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Keywords:

  • vitamin D;
  • supplementation;
  • public health;
  • pregnancy;
  • deficiency/insufficiency

Abstract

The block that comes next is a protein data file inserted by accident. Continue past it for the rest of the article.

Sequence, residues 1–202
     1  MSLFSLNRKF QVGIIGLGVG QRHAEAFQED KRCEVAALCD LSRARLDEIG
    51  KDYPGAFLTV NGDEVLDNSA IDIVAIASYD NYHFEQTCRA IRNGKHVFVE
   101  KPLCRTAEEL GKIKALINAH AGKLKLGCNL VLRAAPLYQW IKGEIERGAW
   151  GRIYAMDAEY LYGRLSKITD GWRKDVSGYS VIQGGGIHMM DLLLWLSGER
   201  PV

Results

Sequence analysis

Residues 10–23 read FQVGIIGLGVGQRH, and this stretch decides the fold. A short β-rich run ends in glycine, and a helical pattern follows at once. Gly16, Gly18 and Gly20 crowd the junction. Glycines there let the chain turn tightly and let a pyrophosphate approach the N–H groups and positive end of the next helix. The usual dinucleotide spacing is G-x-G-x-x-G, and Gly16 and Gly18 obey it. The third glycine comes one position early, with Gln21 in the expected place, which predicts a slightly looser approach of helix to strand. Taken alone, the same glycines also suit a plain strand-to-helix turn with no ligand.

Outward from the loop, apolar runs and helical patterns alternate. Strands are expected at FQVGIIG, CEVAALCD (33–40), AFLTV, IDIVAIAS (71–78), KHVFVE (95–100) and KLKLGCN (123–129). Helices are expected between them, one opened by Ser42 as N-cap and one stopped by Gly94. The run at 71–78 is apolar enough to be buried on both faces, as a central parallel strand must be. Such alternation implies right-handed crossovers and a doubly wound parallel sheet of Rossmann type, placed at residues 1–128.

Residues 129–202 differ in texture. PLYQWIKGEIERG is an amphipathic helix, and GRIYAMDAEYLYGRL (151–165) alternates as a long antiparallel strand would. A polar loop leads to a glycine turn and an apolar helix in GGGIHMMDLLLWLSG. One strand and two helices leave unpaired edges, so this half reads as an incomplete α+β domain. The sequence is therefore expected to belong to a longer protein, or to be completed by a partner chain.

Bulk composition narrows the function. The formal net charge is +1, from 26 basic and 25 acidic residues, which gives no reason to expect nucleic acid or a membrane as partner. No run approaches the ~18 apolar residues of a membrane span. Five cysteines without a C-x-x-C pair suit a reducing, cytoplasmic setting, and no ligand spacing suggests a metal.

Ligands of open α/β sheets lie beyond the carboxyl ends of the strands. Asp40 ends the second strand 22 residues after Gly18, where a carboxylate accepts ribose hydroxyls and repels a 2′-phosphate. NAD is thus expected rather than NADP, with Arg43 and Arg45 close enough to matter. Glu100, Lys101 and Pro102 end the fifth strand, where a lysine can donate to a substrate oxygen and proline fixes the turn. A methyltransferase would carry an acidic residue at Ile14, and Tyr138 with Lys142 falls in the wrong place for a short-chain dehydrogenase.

The objectives of this study were to quantify the prevalence of vitamin D insufficiency and deficiency in pregnancy, explore associated risk factors and discuss the public health implications. The study used retrospective analysis of randomly selected data. This is the first report on serum vitamin D levels in an unselected multi-ethnic population of pregnant women collected between April 2008 and March 2009. Women with sufficient stored serum were randomly selected from among all women who delivered between April 2008 and March 2009. Serum vitamin D levels were determined using liquid chromatography coupled to tandem mass spectrometry. Vitamin D levels were analysed with respect to ethnicity (marking skin tone), calendar quartile, body mass index (BMI), trimester and parity. Deficiency was defined as <25 nmol L−1, insufficiency 25–75 nmol L−1 and adequacy >75 nmol L−1. Three hundred and forty-six women were included and represented the total population regarding skin tone, quartile, BMI, gestation and parity. Overall, 18% [95% confidence interval (CI): 15–23%] of sample women had adequate vitamin D levels; 36% were deficient, 45% insufficient. Among women with dark skin, only 8% (95% CI: 5–12%) had adequate levels compared with 43% (95% CI: 33–53%) of those with light skin. Obese women were found have significantly lower vitamin D levels than non-obese women. Vitamin D deficiency and insufficiency are prevalent year-round among pregnant women in North West London, especially those with darker skin. Existing supplementation guidelines should be supported; however, other measures are required to improve status among all women.